It takes a village to support our elders, too

How many times over the past years have you heard, “It takes a village to raise a child”? And we know it’s true and it works, especially on Vashon with its caring and inclusive environment. But did you know that the same village is needed to care for our elders and that essentially the same ratio of caregivers is required for both ends of the age spectrum?

Our village, Vashon, was built over many years with labor and love. The community that was created in the past has been passed on to my generation, but many of those people instrumental in forming this Island community are still Island residents now living at Vashon Community Care Center (VCCC).

Whether they worked on or off Island, as school custodians, bus drivers, postmistresses or drug store clerks, these residents poured their energy into our Island home. Now, however, these residents live outside of the delightful community they helped to create, away from the energy and daily life of our town.

While the VCCC staff works energetically to include their residents in Island life, state budget reductions have hit the facility hard, resulting in staff reductions that stretch these caring and hardworking nurses, resident assistants and support staff much too far. Daily skilled staff have been pulled into the dining rooms waitressing when they may be urgently needed to attend to medications, emergencies and the many other skilled tasks they are trained to do.

Volunteers are always needed at VCCC, but sometimes Islanders have a difficult time figuring out where they can fit in, how much time is required or what skills are needed. When I decided to volunteer, I knew I had no medical skills and that these were tasks I could not do. But I knew I could contribute an old, never forgotten skill — waitressing — and work in the dining room, sending the skilled staff back to the floor and to more important tasks.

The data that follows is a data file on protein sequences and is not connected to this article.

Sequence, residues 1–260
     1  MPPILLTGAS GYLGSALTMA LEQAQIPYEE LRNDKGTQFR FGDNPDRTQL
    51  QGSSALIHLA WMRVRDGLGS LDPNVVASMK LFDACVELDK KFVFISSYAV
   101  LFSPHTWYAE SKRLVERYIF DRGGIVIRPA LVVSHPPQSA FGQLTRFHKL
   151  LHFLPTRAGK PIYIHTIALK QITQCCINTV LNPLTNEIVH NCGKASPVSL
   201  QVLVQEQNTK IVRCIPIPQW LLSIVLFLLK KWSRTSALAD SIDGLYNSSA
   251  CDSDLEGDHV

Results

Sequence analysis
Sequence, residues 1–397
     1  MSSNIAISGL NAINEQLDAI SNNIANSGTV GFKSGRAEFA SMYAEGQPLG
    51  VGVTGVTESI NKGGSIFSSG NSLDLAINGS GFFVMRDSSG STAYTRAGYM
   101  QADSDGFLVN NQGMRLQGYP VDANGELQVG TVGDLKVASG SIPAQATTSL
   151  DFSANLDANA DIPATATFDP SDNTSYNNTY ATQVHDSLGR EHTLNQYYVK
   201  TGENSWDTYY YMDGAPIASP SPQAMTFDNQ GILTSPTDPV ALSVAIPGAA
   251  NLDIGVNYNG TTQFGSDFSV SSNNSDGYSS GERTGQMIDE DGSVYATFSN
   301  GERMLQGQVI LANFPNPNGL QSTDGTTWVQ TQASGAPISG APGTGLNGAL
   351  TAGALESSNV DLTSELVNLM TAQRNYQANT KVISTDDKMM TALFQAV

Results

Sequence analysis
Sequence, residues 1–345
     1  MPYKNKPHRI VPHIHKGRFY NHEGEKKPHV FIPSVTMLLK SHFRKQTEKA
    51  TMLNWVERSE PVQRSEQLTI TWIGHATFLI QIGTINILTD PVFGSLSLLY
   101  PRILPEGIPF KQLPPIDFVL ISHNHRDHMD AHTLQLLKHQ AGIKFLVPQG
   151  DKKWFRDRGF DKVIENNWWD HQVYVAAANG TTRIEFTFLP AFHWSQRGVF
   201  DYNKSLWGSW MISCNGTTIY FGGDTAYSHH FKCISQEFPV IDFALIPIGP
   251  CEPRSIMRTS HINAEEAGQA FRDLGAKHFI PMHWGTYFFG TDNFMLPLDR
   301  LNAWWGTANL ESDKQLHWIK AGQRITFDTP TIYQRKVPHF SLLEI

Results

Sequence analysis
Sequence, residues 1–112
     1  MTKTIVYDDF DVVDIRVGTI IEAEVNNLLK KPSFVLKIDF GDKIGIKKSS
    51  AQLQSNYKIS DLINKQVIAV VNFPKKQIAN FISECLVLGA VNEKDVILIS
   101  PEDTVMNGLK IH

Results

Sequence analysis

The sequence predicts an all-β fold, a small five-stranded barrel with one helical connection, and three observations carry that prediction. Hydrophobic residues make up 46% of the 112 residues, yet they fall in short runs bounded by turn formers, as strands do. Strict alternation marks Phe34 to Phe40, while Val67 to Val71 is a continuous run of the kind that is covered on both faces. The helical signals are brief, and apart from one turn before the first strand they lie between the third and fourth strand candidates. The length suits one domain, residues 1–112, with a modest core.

With my cousin Heidi Richards, who also had waitressed in the past, we have taken over two dinner shifts a week. These two-hour shifts have been a pleasure for us, enriching in so many ways, and, we hope, for the residents as well.

Thus an idea was formed. Who hasn’t in the past put themselves through high school, college or a rough patch by waitressing? These are service skills one never forgets and, like bike riding, come back with no effort! Our goal is to form a sub-committee of volunteers dedicated to covering each of the seven nightly dinners in assisted living each week, thereby sending critical care staff back to the floor.

Two volunteers are needed per dinner, and the time commitment is minimal — averaging about two hours per shift from 4:30 to 6:30 p.m. Floor training for waitressing will be provided by the current volunteers, and, while VCCC requires a state-mandated training of all volunteers, this constitutes a two-hour session that is both informative and fun. People wanting to gain some experience in food service before entering the paid work force are welcome as well — and we’ll train you!

Your volunteer hours at VCCC will not only contribute needed services to the facility and count towards the volunteer hours the facility submits to the state, but volunteers can also contribute their hours to the Community Wellness Project, which provides reduced-cost health services to those in need. Volunteers qualifying for the Community Wellness Project can themselves use their hours toward their own health services.

So, former waitresses, waiters, other food service workers and anyone who is interested in serving the community and participating in the VCCC food service project, dust off your aprons (actually these are provided), warm up your smiles and join us. Because it does take a village.

­— Christine Beck is a longtime Islander.

To volunteer

Those interested in participating in the VCCC food service project should contact Naomi Goldick at 567-4421 or Naomi.Goldick@providence.org. Or contact Christine Beck at (206) 660-4635 or cdbeck@yahoo.com.

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